Looking first at the floor, the simpler flat floor and diffuser of the current car gives way to the fuller underbody tunnels, similar to IndyCars and reminiscent of the F1 ‘wing’ cars last raced in 1982. The tunnels feed more air under the floor, speeding it up and reducing its pressure in order to create downforce. With a ramped inlet and larger rear diffuser tunnels, far more air will flow under this floor, creating lots of downforce with very little associated drag. Underfloor downforce is created not under the diffuser section but in two spots, first where the floor first narrows, then again when it starts to expand. It’s noticeable that this floor is much longer than the current floor, so the downforce will be created more equally front to rear, thus reducing the importance of the wings. While any race car aero device will be handicapped when running behind another car, the underfloor is believed to be less sensitive than steep wings or short diffusers. So, the floor concept should meet the overtaking brief.
The car is shorn of most aero add-ons, the bargeboards being a specific area, but the fences within the floor’s inlet will also act as bargeboards, directing the floor under and out of the floor’s tunnels. A delta-shaped fin mounted in-line with the inlet will also redirect the upwash from the front wing towards the tunnels.
At the front, the wing profiles now span the full width of the car, intersecting the nose in the middle, unlike the current wings that hang below the nose and have a mandatory neutral center section. This is a key change and cures some of the problems of the 2009 Overtaking Working Group in not being able to follow up on their initial research. The post-2009 front wings created problems for following cars, as they were so wide and had the change in section from wing to the neutral center span. The wide wings allowed teams to create outwash at the endplate, to push air out around the front tyres, rather passing inside them as was the pre-2009 solution. The wing’s joint with the neutral section also formed a powerful airflow, since called the Y250 vortex, which also pushes airflow outwards behind the front tyre. The benefits of both these effects in controlling the front tyre wake led development for nearly ten years, before the current 2019 rules started to clean up the endplate outwash. Now, the 2021 rules seek to clean up the Y250 airflow by ridding the wing of its center section and thus prevent teams churning up the airflow in the Y250 area.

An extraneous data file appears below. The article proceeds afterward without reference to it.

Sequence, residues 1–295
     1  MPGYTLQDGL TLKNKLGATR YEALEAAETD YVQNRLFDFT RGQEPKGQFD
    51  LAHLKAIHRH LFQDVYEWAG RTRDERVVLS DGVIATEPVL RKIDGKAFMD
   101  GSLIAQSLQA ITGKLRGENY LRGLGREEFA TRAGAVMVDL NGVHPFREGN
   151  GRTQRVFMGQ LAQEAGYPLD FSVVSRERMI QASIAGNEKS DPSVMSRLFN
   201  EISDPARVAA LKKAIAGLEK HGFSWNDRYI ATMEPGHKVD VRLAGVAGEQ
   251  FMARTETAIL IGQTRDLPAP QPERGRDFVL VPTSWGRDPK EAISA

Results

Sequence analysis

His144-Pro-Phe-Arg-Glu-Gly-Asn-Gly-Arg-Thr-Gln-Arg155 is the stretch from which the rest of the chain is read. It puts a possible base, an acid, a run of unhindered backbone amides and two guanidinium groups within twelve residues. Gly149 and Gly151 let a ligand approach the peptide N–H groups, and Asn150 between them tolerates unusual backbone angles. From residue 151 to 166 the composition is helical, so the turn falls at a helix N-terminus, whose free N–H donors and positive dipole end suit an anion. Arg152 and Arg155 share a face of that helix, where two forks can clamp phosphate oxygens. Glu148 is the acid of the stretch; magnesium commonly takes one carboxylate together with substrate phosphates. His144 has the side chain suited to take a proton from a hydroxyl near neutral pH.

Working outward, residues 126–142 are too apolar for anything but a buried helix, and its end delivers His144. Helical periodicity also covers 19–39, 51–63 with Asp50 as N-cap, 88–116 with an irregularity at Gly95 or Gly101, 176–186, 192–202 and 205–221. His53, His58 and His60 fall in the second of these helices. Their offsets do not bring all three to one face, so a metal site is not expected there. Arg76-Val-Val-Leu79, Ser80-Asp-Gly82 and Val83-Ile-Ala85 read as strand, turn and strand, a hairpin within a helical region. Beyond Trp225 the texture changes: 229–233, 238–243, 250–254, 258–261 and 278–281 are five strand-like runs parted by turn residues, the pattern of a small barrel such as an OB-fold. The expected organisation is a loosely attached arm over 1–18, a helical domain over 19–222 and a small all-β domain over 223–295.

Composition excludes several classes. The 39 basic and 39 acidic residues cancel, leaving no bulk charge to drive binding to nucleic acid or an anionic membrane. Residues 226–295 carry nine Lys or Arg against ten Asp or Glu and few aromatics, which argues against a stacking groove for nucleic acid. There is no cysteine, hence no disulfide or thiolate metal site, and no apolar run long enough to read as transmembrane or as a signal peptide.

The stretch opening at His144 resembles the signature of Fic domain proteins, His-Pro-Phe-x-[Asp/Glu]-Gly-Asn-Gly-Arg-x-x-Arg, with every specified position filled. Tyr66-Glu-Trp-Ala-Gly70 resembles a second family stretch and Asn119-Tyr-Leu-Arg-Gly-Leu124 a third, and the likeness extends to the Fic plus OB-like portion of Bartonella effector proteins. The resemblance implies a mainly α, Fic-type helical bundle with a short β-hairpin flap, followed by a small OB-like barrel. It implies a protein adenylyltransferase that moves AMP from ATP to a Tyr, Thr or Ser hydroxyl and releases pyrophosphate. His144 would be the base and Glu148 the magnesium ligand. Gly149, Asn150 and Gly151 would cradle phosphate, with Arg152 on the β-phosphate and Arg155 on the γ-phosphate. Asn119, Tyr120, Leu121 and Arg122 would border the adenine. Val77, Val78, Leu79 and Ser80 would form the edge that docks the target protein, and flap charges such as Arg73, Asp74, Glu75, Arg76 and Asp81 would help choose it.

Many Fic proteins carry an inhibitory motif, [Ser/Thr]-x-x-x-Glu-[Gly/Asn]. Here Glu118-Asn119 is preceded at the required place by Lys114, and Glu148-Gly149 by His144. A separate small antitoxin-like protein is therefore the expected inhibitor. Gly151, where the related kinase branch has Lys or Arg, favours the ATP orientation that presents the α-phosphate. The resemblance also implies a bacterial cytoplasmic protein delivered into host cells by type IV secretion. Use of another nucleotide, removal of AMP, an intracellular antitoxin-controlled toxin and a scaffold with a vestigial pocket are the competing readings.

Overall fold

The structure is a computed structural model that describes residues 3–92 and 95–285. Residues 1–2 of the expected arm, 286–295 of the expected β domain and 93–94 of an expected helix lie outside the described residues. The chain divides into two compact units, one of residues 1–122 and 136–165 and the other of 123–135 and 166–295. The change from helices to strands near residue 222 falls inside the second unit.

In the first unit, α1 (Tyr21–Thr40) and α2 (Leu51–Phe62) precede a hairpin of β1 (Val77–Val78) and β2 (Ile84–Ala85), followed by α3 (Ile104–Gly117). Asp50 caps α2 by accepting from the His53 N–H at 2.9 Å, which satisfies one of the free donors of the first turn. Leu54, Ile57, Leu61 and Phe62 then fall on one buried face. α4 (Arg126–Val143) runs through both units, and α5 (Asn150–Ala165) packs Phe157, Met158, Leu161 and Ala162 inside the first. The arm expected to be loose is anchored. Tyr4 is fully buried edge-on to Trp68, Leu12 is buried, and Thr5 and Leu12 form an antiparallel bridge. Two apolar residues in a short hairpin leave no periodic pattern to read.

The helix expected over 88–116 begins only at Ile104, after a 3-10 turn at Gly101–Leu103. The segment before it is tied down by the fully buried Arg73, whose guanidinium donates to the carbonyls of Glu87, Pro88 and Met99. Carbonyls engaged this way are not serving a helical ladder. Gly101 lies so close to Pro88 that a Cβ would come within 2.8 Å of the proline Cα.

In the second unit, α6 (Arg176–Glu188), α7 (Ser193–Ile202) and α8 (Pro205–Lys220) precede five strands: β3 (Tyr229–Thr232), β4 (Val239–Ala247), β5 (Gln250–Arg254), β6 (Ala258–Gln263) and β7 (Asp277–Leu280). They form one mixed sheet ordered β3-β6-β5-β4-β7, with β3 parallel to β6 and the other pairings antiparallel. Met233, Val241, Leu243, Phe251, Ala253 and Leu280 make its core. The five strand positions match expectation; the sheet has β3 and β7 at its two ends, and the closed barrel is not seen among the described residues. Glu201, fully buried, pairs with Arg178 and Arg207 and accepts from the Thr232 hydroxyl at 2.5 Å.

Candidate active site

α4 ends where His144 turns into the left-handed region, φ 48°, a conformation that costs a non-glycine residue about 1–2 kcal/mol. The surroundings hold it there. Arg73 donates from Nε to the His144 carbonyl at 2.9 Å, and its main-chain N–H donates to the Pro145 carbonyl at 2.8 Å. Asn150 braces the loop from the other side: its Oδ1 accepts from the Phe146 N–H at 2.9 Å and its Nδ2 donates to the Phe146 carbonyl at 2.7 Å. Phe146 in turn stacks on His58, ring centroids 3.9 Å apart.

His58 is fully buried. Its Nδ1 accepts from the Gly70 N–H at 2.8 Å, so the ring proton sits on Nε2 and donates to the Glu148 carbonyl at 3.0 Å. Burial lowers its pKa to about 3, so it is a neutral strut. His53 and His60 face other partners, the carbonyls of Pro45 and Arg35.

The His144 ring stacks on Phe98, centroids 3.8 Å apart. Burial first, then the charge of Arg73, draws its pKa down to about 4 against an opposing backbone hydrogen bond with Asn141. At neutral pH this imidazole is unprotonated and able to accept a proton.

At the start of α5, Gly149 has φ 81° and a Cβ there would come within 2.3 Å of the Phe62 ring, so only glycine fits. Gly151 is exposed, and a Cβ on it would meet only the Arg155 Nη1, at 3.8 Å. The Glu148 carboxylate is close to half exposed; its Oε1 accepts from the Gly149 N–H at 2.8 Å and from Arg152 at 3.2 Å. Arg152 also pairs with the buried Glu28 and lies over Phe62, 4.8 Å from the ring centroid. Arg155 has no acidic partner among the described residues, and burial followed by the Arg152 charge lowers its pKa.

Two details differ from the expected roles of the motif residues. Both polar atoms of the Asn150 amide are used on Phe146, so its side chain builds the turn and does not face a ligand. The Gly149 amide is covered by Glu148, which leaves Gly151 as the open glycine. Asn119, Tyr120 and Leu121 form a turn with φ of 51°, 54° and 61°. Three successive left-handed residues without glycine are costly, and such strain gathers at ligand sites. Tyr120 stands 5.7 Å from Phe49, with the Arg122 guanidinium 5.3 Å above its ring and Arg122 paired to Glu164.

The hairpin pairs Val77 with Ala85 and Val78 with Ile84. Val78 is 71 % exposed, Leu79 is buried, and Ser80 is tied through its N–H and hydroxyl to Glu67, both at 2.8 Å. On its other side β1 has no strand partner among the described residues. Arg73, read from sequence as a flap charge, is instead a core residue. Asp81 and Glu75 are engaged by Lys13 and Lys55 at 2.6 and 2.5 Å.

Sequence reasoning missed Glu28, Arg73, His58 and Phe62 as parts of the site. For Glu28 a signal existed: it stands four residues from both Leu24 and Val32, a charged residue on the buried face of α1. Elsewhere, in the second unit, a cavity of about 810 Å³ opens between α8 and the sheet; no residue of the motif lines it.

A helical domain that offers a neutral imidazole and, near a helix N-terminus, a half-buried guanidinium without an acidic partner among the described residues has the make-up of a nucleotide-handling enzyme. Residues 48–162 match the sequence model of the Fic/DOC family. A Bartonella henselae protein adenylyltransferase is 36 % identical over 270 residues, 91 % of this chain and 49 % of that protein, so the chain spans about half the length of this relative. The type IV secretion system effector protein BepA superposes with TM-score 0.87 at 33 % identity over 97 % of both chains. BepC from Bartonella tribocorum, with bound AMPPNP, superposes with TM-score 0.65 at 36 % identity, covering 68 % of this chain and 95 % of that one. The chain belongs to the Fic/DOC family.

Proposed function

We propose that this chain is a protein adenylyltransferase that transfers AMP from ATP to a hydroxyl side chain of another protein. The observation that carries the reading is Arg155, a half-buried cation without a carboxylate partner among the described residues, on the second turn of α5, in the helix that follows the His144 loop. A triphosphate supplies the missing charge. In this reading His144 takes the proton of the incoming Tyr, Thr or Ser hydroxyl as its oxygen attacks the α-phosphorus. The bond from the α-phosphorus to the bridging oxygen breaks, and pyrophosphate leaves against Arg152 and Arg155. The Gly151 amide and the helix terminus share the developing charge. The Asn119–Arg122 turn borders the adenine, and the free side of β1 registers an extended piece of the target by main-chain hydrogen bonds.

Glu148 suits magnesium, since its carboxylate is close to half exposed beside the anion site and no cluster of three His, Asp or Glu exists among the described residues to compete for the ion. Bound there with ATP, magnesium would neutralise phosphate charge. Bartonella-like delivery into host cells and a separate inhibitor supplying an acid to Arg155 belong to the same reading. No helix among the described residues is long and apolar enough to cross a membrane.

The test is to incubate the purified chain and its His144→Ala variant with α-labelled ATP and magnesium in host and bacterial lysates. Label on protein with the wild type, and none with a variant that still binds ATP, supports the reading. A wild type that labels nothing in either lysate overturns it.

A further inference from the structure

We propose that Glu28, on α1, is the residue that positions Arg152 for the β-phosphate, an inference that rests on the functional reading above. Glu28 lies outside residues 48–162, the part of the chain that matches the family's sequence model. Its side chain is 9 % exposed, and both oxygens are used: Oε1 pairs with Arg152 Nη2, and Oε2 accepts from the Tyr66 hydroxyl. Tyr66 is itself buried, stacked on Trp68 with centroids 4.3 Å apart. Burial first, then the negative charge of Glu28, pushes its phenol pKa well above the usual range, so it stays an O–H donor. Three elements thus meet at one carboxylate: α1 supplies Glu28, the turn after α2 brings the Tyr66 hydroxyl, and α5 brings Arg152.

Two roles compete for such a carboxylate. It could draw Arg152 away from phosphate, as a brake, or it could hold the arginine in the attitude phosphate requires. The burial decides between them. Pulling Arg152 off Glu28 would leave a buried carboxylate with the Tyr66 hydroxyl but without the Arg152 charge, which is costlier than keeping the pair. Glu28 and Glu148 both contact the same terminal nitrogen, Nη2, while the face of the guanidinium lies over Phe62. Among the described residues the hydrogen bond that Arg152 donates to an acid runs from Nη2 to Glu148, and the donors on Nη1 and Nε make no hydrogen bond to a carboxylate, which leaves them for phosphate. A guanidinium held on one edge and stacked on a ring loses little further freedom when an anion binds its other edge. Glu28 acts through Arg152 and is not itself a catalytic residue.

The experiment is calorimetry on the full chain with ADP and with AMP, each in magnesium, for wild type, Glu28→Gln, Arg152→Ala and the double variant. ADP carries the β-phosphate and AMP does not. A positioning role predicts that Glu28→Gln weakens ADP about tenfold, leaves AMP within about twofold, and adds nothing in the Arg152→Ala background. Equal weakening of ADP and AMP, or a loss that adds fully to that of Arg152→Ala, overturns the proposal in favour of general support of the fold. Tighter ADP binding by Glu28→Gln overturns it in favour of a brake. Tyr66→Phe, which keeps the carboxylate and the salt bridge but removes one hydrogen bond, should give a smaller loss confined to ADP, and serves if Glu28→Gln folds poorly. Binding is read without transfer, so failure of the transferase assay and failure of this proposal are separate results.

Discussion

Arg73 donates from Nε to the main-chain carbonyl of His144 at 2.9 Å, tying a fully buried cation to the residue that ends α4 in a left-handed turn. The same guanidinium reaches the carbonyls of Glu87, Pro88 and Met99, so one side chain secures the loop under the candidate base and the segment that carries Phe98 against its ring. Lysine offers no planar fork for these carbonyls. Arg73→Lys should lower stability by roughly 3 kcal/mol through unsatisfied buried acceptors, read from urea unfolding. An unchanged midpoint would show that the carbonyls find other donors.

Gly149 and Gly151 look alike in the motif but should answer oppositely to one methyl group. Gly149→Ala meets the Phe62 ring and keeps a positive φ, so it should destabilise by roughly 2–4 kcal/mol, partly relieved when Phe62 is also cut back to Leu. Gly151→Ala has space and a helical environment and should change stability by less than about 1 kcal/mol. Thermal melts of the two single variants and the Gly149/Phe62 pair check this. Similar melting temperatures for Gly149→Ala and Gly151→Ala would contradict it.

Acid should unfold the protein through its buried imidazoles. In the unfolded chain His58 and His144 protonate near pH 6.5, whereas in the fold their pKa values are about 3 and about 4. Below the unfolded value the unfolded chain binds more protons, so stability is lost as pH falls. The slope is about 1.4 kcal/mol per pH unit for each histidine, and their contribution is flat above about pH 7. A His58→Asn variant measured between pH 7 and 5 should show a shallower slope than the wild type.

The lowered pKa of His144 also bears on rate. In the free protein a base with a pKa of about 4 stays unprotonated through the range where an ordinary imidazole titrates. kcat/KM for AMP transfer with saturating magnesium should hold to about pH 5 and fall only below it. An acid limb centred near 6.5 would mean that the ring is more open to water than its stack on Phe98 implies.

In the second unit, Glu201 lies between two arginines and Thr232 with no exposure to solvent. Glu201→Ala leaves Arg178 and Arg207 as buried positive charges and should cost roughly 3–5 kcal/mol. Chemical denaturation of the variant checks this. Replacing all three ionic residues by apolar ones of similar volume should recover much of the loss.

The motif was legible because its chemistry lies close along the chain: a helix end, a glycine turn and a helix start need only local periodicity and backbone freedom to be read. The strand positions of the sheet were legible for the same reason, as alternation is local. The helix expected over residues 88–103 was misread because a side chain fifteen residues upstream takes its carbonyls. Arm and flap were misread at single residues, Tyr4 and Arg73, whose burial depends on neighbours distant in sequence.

Instead, the front tyre wake is managed by two devices. Firstly, the blade over the top of the tyre’s tread and secondly the return of the wheel fairing. The blade helps clean up airflow passing over the tyre, reducing the separation and turbulence created by the low-pressure area behind a spinning tyre. Then, the wheel fairing helps with cleaner airflow passing around the sides of the tyre. These ‘frisbees’ were banned for 2010, as they were such an effective aero tool, so their return may be as fixed fairings as we saw in 2009, (i.e. not spinning with the tyre) or as fairings fixed to and spinning with the wheel. Both have benefits and drawbacks with the practicalities of wheel changing and brake cooling.
It’s also worth noting that the 2021 tyres may be the larger diameter wheels that Pirelli have been asked to introduce for some time. Thus, the car model shown here has 18” rims, with the brake duct bodywork filling the inside of the rim. The exact rules for the brake dimensions and the bodywork rules are still unclear at this stage.